New clinical guidelines drive better health outcomes, empower care partnerships

Ram Krishna was a patient contributor to the  2018 Guidelines  and helped to make them “patient friendly.”  Supplied

Ram Krishna was a patient contributor to the 2018 Guidelines and helped to make them “patient friendly.” Supplied

Like others with the disease, Ram Krishna admits that diabetes is challenging to manage – but he adds that learning from others has made an immense difference. “Attitude is key – looking at solutions rather than the problems.” 

His thinking has been influenced by many people, he says, including his endocrinologist, other health-care providers and patient groups. By being conscious about what he calls the “four pillars” (meal planning, monitoring, medication and activity), he has maintained healthy blood sugar levels, vastly reducing his risk of future complications. As a Canadian of South Asian descent, Mr. Krishna is in a high-risk genetic group. (Two of the four brothers in his family have diabetes.) A volunteer with Diabetes Canada, he also connects with others in the South Asian community who are living with diabetes. 

For the Diabetes Canada 2018 Clinical Practice Guidelines for the Prevention and Management of Diabetes in Canada (Guidelines), released in April of this year, Krishna was a patient contributor. “We worked with family physicians, endocrinologists, nurse practitioners, pharmacists and cardiologists – and all of the other specialties with which diabetes is associated,” he says.

A key aim is empowering people with diabetes to become educated partners in their own care. This is why each of the 38 chapters in the 2018 edition has easy-to-read key messages written specifically for people living with diabetes. “The Guidelines are designed to be patient friendly,” says Krishna. 

The Guidelines provide multiple points of access for all Canadians, says Dr. Robyn Houlden, chair of the Diabetes Canada Guidelines. “Our webpage is a rich repository of information for both health-care providers and for people living with diabetes. It includes information sheets and instructional videos related to all aspects of care, and has specific information for various groups of patients, including children and adolescents, pregnant women, older people and Indigenous people.”

The 2018 edition includes a new focus on ethnocultural diversity and its importance in diabetes care, says Dr. Houlden. “There is encouragement to take culture, faith traditions, values and beliefs into consideration in diabetes education, and to deliver it in a specific population’s preferred language, ideally within their own community, including their community leaders.”

This edition also includes greater involvement from Indigenous authors and organizations, as well as health-care providers who work with Indigenous populations. “The Guidelines reference the recommendations of the Truth and Reconciliation Commission and recognize the legacy of colonization and residential schools, which contributes to the high rates of diabetes in these populations,” says Dr. Houlden.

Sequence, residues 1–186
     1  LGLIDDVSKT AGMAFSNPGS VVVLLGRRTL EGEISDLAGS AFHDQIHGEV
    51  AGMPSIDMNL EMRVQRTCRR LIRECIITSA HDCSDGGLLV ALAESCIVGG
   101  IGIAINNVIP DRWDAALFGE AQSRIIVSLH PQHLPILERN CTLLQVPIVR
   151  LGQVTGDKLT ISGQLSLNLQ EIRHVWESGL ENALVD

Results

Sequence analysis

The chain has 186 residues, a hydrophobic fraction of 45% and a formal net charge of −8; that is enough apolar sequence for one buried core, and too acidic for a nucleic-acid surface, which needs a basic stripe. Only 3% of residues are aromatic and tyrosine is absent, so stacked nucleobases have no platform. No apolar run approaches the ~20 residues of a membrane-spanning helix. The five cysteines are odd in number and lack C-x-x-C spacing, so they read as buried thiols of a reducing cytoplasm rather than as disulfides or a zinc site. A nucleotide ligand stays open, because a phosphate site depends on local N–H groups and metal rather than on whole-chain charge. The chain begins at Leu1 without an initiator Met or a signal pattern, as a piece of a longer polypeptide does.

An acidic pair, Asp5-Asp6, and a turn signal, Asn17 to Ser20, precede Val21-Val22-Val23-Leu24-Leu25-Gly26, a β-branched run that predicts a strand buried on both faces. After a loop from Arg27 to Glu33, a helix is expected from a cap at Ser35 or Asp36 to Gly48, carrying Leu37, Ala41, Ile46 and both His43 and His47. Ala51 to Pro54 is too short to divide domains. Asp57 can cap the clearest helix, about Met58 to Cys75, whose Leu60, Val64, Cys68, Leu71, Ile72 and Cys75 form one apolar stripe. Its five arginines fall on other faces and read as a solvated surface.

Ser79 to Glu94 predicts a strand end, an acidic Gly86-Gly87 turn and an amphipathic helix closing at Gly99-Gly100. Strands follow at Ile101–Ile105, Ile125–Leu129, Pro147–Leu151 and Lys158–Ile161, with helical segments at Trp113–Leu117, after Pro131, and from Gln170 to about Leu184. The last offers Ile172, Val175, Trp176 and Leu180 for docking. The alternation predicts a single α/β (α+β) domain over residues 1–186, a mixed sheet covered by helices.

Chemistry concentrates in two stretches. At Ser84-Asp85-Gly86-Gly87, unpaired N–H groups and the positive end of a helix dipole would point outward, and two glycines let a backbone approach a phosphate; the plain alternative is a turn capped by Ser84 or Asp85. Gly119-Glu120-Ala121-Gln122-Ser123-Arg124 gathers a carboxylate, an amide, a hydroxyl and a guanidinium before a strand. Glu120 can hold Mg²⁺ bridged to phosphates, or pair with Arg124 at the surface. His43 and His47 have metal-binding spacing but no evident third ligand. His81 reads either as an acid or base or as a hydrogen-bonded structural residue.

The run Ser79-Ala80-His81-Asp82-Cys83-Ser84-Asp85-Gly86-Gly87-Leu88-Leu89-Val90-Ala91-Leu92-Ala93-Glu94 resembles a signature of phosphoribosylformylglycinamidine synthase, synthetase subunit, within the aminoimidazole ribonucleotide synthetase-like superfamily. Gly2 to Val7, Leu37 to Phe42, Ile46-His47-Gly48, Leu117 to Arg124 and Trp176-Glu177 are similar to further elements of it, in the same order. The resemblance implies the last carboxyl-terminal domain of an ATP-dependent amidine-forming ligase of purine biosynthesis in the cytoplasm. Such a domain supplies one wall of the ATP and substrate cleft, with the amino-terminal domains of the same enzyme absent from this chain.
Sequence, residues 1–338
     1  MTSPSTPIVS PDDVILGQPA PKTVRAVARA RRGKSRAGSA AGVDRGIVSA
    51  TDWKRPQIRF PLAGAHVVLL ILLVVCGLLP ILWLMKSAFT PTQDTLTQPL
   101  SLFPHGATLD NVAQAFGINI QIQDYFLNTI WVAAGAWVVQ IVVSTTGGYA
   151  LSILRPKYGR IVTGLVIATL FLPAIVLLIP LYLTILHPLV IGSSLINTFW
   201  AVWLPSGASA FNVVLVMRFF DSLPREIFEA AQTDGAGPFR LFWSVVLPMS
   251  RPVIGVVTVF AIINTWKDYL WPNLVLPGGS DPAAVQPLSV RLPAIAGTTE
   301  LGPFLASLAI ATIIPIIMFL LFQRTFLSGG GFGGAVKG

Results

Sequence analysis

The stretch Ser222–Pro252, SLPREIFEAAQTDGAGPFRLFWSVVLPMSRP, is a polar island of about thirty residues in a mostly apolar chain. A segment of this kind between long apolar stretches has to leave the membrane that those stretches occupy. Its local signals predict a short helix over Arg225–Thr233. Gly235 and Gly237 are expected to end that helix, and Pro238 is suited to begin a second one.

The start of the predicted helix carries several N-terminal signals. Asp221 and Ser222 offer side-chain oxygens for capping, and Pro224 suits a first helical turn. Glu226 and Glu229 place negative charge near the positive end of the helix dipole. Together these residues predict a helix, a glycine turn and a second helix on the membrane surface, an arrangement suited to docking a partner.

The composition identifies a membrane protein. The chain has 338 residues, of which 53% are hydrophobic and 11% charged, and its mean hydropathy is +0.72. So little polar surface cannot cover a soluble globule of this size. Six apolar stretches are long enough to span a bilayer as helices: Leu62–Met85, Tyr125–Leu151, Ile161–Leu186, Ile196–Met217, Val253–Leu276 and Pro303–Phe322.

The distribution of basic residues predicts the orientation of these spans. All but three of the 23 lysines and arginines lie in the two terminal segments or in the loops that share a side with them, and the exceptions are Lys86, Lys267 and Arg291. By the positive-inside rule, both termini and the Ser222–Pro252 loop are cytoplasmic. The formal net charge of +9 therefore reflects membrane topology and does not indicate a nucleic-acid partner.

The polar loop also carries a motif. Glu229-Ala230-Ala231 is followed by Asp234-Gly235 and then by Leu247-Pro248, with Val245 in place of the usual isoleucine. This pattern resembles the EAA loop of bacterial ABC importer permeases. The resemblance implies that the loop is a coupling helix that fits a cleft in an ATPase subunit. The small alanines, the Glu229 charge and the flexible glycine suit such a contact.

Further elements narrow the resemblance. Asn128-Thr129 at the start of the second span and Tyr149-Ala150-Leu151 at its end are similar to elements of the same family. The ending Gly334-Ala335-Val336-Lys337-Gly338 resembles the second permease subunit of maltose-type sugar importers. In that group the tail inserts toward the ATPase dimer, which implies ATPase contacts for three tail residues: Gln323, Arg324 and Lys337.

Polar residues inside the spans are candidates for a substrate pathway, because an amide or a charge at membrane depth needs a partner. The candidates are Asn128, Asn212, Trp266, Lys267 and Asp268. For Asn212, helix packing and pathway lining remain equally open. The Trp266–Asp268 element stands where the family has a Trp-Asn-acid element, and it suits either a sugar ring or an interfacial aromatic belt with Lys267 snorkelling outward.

Other new elements include a focus on the importance of individualizing glycemic targets, pregnancy preparation for women with diabetes, and drugs that are heart-protective while lowering blood sugar. 

“Knowledge is power,” Dr. Houlden says. “The more you understand about how to live well with diabetes, the more successful you can be in managing it.”

“It’s a challenge for even the most research-savvy people to keep up with the evidence about the pros and cons of different tests and treatments,” says Dr. Noah Ivers, a family doctor at Women’s College Hospital and co-chair of the Guidelines Dissemination and Implementation Committee.

“This is especially true today, when you simply can’t trust much of what you read online or see on TV.” 

He stresses that the Guidelines involve thousands and thousands of volunteer hours during which well-trained professionals systematically comb through the research evidence. 

“We’ve worked hard to turn this evidence into specific recommendations, with clear and meaningful take-home points,” he notes. “And we’ve worked hard to update our website – – with tools to make it easier to put the recommendations into practice. We know that guidelines don’t self-implement.

“People with diabetes should feel empowered to ask for more,” says Dr. Ivers. “They should ask their health professionals if there is more that can be done to prevent future complications, to keep them safe from adverse effects of treatment, or if resources are available to help them better take care of themselves.”

The goal of the Diabetes Canada 2018 Clinical Practice Guidelines for the Prevention and Management of Diabetes in Canada is closing the current health-care gap. is the place for current diabetes-related research. As the source for the best-in-class treatment recommendations, the information provided can help improve outcomes for people living with diabetes, cutting the risk of complications – such as stroke, heart attack and amputation – in half.